(IRA). For more information, contact IRA:
800 Barksdale Road
PO Box 8139
Newark, DE 19714-8139
["The Reading Teacher," Volume 53 (7): 566-578, April 2000]
The National Education Association (NEA) website -- http://www.nea.org/ -- has a brief overview of bilingual education in the U.S. and "quick clicks" to online resources. Included are NEA policy and resolutions concerning immigrants and language education, and profiles of two dual immersion schools. To go directly to NEA's bilingual education page, point your browser to: http://www.nea.org/issues/bilingual
The use of middle names by Americans varies widely. Some families give two "first" names (e.g., William Robert Jones). Others give two "last" names (e.g., Thomas Crowley Jones). When two "last" names are given, sometimes the first of these is the mother's middle name (as mine was; I was Suzanne Sprague Broomell before I married), and sometimes it's some other family last name (as all my brothers' and sisters' were). Then when an American woman gets married and takes her husband's name (which doesn't always occur anymore), sometimes she keeps her own middle name and sometimes her maiden name becomes her middle name (Sarah Jane Holiday can become Sarah Jane Smith or Sarah Holiday Smith).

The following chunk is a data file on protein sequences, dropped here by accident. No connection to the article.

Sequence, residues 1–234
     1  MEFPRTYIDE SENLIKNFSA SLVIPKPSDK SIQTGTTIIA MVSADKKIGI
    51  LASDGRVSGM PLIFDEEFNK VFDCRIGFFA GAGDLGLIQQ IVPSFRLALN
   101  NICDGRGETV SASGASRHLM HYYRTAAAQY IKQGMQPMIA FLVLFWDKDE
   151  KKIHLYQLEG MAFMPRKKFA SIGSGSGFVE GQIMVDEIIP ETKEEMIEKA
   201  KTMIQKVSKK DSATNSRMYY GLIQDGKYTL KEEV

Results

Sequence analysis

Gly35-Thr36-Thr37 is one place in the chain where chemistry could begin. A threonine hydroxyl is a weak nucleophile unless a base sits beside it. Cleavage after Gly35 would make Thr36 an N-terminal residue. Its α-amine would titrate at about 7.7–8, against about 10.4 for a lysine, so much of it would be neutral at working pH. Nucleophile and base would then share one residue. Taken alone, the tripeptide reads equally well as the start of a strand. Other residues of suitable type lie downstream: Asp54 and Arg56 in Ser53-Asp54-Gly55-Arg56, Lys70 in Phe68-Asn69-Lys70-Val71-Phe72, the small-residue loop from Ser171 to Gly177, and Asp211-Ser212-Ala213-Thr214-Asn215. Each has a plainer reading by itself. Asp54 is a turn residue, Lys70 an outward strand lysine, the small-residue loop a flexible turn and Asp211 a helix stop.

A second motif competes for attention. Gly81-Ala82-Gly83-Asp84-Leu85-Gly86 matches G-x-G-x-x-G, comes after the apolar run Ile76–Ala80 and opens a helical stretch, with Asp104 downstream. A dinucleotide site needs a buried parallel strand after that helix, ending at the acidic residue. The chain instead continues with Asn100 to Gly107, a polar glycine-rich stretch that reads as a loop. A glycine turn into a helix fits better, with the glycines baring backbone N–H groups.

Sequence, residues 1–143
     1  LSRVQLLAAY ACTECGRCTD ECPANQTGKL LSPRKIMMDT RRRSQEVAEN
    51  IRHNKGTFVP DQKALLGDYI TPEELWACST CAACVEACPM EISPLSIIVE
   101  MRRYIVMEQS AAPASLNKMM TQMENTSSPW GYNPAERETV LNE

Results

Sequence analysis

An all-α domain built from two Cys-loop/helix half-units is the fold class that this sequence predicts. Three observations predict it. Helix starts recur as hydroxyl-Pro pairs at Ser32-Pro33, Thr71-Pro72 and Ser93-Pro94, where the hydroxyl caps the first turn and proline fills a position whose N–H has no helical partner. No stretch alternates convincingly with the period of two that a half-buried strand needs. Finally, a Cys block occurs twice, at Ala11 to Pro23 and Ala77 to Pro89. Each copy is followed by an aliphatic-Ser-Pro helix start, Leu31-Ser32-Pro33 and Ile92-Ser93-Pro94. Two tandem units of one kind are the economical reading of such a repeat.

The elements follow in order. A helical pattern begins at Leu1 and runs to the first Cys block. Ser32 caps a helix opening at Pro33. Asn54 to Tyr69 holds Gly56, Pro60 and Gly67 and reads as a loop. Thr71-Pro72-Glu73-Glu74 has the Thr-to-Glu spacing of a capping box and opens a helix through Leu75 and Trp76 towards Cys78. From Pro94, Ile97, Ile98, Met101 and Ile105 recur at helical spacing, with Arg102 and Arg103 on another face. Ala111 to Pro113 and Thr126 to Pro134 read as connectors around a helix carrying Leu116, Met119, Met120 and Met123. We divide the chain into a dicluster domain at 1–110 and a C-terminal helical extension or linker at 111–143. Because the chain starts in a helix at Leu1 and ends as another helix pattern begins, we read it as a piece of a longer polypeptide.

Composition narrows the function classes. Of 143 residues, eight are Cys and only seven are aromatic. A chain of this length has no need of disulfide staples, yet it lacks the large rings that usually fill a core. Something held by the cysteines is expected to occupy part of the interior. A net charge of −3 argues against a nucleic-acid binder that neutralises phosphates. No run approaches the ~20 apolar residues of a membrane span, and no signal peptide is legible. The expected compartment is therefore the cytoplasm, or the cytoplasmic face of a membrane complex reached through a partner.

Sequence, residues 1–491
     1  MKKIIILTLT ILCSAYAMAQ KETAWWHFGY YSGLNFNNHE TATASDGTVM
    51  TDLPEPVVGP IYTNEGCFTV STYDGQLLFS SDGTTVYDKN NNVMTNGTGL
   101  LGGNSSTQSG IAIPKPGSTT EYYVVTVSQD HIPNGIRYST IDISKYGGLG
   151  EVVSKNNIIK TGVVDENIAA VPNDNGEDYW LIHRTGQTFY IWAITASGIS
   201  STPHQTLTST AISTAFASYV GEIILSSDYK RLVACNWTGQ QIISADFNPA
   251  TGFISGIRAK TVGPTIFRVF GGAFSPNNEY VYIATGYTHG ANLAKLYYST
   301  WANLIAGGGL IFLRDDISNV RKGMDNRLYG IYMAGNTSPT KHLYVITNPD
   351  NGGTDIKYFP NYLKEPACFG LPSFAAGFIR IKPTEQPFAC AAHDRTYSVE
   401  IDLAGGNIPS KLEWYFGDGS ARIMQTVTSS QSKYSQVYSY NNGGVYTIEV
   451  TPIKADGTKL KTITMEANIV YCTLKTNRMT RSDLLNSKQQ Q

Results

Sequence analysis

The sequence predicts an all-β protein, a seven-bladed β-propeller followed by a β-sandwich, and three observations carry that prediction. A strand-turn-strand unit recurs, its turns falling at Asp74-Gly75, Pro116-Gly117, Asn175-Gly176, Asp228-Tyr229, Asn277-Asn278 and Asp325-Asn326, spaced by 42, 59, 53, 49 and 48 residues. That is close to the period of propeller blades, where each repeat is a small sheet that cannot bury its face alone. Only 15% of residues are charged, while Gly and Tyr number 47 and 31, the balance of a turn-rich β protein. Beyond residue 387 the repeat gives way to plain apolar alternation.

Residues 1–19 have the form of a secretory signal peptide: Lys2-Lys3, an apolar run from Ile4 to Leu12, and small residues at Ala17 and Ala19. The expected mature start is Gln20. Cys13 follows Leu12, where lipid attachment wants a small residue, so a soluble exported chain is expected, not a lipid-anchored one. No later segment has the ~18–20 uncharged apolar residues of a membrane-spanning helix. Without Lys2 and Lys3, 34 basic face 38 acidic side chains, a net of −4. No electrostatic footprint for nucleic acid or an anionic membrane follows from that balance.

In Spain, the father's surname becomes the first last name and the mother's surname becomes the second last name. The father's surname is the "real" one, the one that is used in alphabetizing, and the one the wife takes. Your example is correct, except that if any of those people were just going to give one last name, it would be the first one. You can add as many additional grandmothers' last names as you can remember (Antonio Elizalde Perez Bustamente Rojas ... ). I don't believe it has anything to do with women being "prioritized" because they bear the children. It's just a convenient, logical way to know who everybody's mother and father are.
Suzanne Irujo (who couldn't figure out whether I should be
Suzanne Sprague Irujo or Suzanne Broomell Irujo, so I just dropped
the middle name)
Throughout the Spanish speaking world, be it Spain or Latin America, the formula is the same. The children may have a first and second name, or just first name, but always take their father's first last name as the children's first, then the mother's first last name as the children's second last name. We even take the father's second last name and mother's second last name in that order as our third and fourth last names respectively. I can even trace my grandparent's first and second last names following that formula. As children we learned to memorize at least seven last names.
http://www.esl.net/ (Schools & Language Learning Resources)
http://www.startek-uk.com/ (London Language School: Business, Drama, Speech Training, Media courses & Workshops)
http://www.101language.com/ (Language materials and resources)
http://www.lang.uiuc.edu/ (University of Illinois at Champaign; starting point for ESL Learners)
http://www.toefl.org/ (TOEFL Testing official website)
owl.english.purdue.edu (Purdue University's online writing lab)
http://www.globalenglish.com/ (Learn English online)